Early tapping of 401(k) brings woes

Taxes, penalties, loss of tax-deferred growth can be painful result

Dollars & Sense

April 08, 2001|By Liz Pulliam Weston | Liz Pulliam Weston,LOS ANGELES TIMES

Last week, my husband withdrew $20,000 from his 401(k) plan to help pay off a debt. As things turned out, the withdrawal was unnecessary.

The silly man did not think to check with me, and I had another resource to cope with the need.

He forfeited about $4,500 in penalties and prepaid taxes on the amount he withdrew. Can he redeposit the withdrawn amount and not be subject to the tax? Is there a time frame within which such redeposits may be made without penalty?

The silly man, indeed. He risked forfeiting a heck of a lot more than $4,500.

Early withdrawals from 401(k) plans are subject to 10 percent federal penalties, plus state penalties. Worse yet, you would have to pay income taxes at your regular rate, which means you typically lose half of what you withdraw to penalties and taxes.

Worst of all, you're giving up the future tax-deferred growth of that money - and that's an awful lot to lose. A $20,000 withdrawal means giving up $100,000 or more in future income, assuming the money would have grown tax-deferred at a 9 percent annual return for 20 years.

That's why financial planners tell you not to touch retirement funds unless the wolf is not only at the door, but in your kitchen frying himself a steak.

Whatever short-term need is solved by such withdrawals is almost always outweighed by the long-term costs.

Fortunately, there is a solution. If your husband deposits the $15,500 he has left into an individual retirement account, and then adds $4,500 (to replace the amount that was withheld), he can avoid the taxes and penalties completely.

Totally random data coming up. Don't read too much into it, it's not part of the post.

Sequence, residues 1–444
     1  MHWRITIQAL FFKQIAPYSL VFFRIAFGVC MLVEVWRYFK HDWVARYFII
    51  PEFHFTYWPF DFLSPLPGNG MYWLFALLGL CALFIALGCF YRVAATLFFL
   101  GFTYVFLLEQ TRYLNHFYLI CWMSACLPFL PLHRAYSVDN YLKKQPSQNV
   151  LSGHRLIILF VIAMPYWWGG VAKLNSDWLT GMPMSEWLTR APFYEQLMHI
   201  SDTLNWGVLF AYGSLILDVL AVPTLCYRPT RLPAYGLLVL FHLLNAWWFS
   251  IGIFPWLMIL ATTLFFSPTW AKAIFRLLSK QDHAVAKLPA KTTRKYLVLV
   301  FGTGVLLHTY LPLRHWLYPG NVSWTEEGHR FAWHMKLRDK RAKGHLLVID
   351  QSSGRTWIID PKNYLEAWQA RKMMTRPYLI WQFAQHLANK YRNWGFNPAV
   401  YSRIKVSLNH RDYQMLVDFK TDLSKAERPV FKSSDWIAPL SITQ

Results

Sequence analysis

He should get the $4,500 back when the two of you file your income taxes.

If he can't come up with the additional $4,500, you'll have to pay taxes and penalties on that amount. It's better than having to pay taxes and penalties on $20,000, of course.

It's best to hurry. For this to work, the money needs to be deposited into an IRA within 60 days of the withdrawal.

And now that you have had this experience, make a pact not to touch your retirement money without consulting each other and a qualified tax adviser.

The stakes are too high to risk a bad move - even a well-intentioned one.

I have been reading a lot about how to calculate the amount of income I need for retirement.

The usual calculations indicate that I should plan on getting 70 percent to 80 percent of my current income at retirement. That seems a bit high if my mortgage and car are paid off by then.

Is there a better rule of thumb for calculating my target retirement income?

Here's another one of those open secrets about financial planning: Nobody knows how much money you're going to need.

Financial planners say aiming to have 70 percent to 80 percent of your gross income at retirement is a good benchmark for most people.

If, as you say, your debts will be paid off, you might need less. But if you like to travel or have other expensive hobbies, you might need 90 percent, 100 percent or even more, at least in the early years. (Most people tend to spend less as they age.)

What you'll actually need, though, is anybody's guess. Nobody can predict what inflation will be next year, let alone in the many years until your retirement and afterward.

You can't predict what the markets will do or what changes might come in your life that could affect your spending.

As you get closer to retirement, you can make better-educated guesses. For now, however, it's probably smart to stay on the conservative side with your calculations.

Most people find it's better to have too much money in retirement than too little.

Last year we started taking monthly withdrawals from our individual retirement accounts. My wife and I are over 60. Needless to say, the overwhelming majority of the mutual funds in our IRAs lost money.

Are these losses deductible on our taxes this year?

Nice try, but no dice. Losses in tax-deferred retirement accounts aren't deductible.

That makes sense if you think about it. You didn't have to pay taxes on your gains during all those years that the stock market was booming, so why should you get the tax benefit of a deductible loss now?

The trade-off for sheltering money in a tax-deferred account is that your withdrawals are taxed at ordinary income tax rates. (The exception is the Roth IRA, which allows tax-free withdrawals in retirement.)

If you want to use your losses to offset your gains, you must invest outside a retirement account.

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